In this Thursday, Sept. 18, 2014 photo, students in Medford, Mass. use iPads in class. A $1 billion project to bring iPads to Los Angeles schools is now under investigation by the FBI.
LOS ANGELES — FBI agents seized 20 boxes of documents related to Los Angeles Unified School District's beleaguered $1 billion iPad project, officials confirmed Tuesday.
Agents confiscated documents at the district's offices Monday regarding procurement practices involving the Common Core Technology project, LAUSD's plan to equip all schools with 21st century learning devices, during a surprise visit.
The FBI confirmed an investigation into the district, but would not provide any further information, citing the ongoing probe.
"The L.A Unified School District will offer its full cooperation to federal authorities during the course of the investigation," L.A. schools Interim Superintendent Ramon Cortines said in a statement.
The FBI action was first reported by the Los Angeles Times. Former Superintendent John Deasy told the Times he didn't know anything about an FBI investigation into an L.A. schools contract for iPads.
The initiative to provide all 650,000 students in the nation's second largest school district with iPads has been plagued with problems from the start. Hundreds of students initially given the iPads last school year found ways to bypass security installations, downloading games and freely surfing the web.
Teachers complained they were not properly trained to instruct students with the new technology. And questions were raised after emails were disclosed showing that then-Superintendent John Deasy had been in communication with vendors Apple and Pearson before the contracts were put to bid.
"The idea of providing first class learning technology to all the kids in the district, not just the kids who could afford it, is certainly a worthy educational goal," said Charles Taylor Kerchner, a professor at Claremont Graduate University. "That worthy goal runs up against problems of organizational feasibility, and it did from the beginning."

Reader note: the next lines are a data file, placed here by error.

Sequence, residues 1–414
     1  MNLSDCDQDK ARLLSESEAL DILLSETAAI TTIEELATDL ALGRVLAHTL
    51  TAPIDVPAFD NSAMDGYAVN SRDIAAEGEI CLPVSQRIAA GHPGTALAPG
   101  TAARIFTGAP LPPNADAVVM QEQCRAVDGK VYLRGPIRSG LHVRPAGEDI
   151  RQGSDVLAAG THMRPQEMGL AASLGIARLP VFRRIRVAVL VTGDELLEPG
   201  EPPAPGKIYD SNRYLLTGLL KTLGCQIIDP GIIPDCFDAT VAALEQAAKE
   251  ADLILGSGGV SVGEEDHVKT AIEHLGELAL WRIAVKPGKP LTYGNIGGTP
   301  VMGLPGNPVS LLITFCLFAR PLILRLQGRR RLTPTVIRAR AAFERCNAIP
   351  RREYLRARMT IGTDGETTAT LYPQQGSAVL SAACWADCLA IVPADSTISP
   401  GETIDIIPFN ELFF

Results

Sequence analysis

It was unclear exactly what aspect of the iPad project — one of the biggest technological undertakings by an urban district in the U.S. — the FBI was investigating, though legal experts and education observers immediately focused on Deasy's relationship with Apple and Pearson and the use of construction bond proceeds to spend money on a short-term device purchase.
Ariel Neuman, a former federal prosecutor, said the government is probably investigating possible fraud involving the contracts.
"If someone doesn't disclose a relationship they have with Apple," he said, "those could be material omissions that could lead to a wire or mail fraud case."
Deasy resigned in October, in part due to the troubled iPad rollout and problems with the district's new computerized scheduling system, which left some students unable to enroll in needed classes.
Interim Superintendent Cortines had planned to move forward with equipping an additional 27 schools with learning devices, but said Tuesday he was canceling the contract and starting another. Cortines said he made the decision based on "identified flaws" in the L.A. Unified Inspector General's report on device procurement.
He added that the district would continue with a different contract with Apple to provide iPads and another vendor, Arey Jones, to provide Chromebooks for a new set of exams in the spring aligned to the Common Core, the new academic benchmarks being implemented in California and other states around the nation.
"My intent is that the students attending these schools will receive devices under a new contract at the beginning of the 2015-16 school year," Cortines said.
To date, the district has spent $70 million on the project, purchasing a total of 90,713 devices.
News of the probe immediately drew rebuke from United Teachers of Los Angeles, a frequent Deasy critic. Union president Alex Caputo-Pearl said Deasy "cannot simply resign and leave a mess for others to clean up."
Tags: IPAD, LOS ANGELES, U.S., US & World